The ultrasound imaging system 110 of the remotely controllable ultrasound imaging system 100 is preferably attached to a transducer (not shown). The transducer is connected to an input port of the ultrasound imaging system 110. The data acquisition processor 120, the ultrasound data processor 130, the ultrasound imaging processor 140, and the scan converter 145, are preferably located inside a housing (not shown) of the ultrasound imaging system 110. The on-site display 150 is preferably attached to the ultrasound imaging system 110 in a position viewable by an operator. Similarly, the on-site console controls 160 are also preferably attached to the ultrasound imaging system 110 in a position reachable by the operator.

The remote terminal 165 of the remotely controllable ultrasound imaging system 100 is preferably attached to the ultrasound imaging system 110 by a network connection such as an Internet, Intranet, or wireless network connection for example. The remote data processor 170, the remote imaging processor 180, and the remote scan converter 185 are preferably located inside a housing (not shown) of the remote terminal 165. The remote display 190 is preferably attached to the remote terminal 165 in a position viewable by an operator. The remote console controls 195 are also preferably attached to the remote terminal 165 in a position reachable by the operator.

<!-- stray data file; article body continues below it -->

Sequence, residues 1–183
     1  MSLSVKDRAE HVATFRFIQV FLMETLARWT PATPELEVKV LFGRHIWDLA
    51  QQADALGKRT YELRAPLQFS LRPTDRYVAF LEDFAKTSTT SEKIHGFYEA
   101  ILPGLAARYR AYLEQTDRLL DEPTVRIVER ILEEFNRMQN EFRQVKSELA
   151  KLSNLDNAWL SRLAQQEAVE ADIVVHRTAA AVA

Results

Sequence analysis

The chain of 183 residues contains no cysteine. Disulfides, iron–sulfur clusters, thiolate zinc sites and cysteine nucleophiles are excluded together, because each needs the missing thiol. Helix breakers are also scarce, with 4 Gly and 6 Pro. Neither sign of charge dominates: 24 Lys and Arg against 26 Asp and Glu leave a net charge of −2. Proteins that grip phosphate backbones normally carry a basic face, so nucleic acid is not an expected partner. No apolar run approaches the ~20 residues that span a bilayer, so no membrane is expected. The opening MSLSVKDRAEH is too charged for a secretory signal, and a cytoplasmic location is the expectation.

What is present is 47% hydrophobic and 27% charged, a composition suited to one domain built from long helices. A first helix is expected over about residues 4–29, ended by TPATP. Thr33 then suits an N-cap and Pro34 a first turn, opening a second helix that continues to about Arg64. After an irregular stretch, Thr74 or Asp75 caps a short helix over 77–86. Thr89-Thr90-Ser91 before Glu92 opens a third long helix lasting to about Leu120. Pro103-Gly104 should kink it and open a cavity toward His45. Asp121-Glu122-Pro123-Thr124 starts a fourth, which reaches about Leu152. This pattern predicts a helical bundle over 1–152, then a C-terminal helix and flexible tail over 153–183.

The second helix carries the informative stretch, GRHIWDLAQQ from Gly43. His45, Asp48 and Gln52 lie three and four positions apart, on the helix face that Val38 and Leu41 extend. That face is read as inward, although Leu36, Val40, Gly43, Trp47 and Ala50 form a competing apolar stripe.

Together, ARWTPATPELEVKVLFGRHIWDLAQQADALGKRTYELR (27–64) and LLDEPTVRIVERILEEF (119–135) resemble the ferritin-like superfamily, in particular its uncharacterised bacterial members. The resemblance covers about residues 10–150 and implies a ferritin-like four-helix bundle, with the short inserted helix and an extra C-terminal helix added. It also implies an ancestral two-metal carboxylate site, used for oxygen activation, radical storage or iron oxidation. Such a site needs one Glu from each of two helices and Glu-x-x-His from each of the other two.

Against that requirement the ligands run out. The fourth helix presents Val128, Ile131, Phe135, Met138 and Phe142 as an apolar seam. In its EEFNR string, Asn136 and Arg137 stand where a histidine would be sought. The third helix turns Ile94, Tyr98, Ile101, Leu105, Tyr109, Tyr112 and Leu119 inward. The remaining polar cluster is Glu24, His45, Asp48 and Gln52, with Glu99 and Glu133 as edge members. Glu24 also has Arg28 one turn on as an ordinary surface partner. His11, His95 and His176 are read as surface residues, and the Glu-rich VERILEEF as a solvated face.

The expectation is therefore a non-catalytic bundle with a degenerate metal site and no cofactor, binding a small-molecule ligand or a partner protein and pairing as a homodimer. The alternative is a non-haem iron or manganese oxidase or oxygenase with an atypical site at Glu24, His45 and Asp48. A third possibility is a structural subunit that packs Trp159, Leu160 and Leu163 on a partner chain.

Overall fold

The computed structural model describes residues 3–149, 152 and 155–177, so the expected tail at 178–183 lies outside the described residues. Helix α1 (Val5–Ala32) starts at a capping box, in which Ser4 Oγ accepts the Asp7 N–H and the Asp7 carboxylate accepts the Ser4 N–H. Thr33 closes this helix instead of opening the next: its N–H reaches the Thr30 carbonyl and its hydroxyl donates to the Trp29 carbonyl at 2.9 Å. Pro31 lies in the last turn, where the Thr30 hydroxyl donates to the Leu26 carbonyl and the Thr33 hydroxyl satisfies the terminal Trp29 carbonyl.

In operation, a technician and a patient are preferably located at the site of the ultrasound imaging system 110. A doctor or ultrasound-imaging specialist is preferably located at a remote site with the remote terminal 165. Once a network connection, such as an Internet, Intranet, or wireless connection for example, is established between the ultrasound imaging system 110 and the remote terminal 165, the ultrasound imaging may begin. To perform the ultrasound imaging, the technician preferably positions a transducer on the patient to image the desired area of the patient's body. As discussed in the background section above, the transducer transmits ultrasonic sound waves into the patient's body. The ultrasonic sound waves sent by the transducer into the patient's body are reflected by the patient's internal bodily structures. The reflected ultrasonic sound waves transmitted into the patient's body may then be received by the transducer and are then preferably transmitted to the data acquisition processor 120 of the ultrasound imaging system 110 as illustrated in FIG. 1.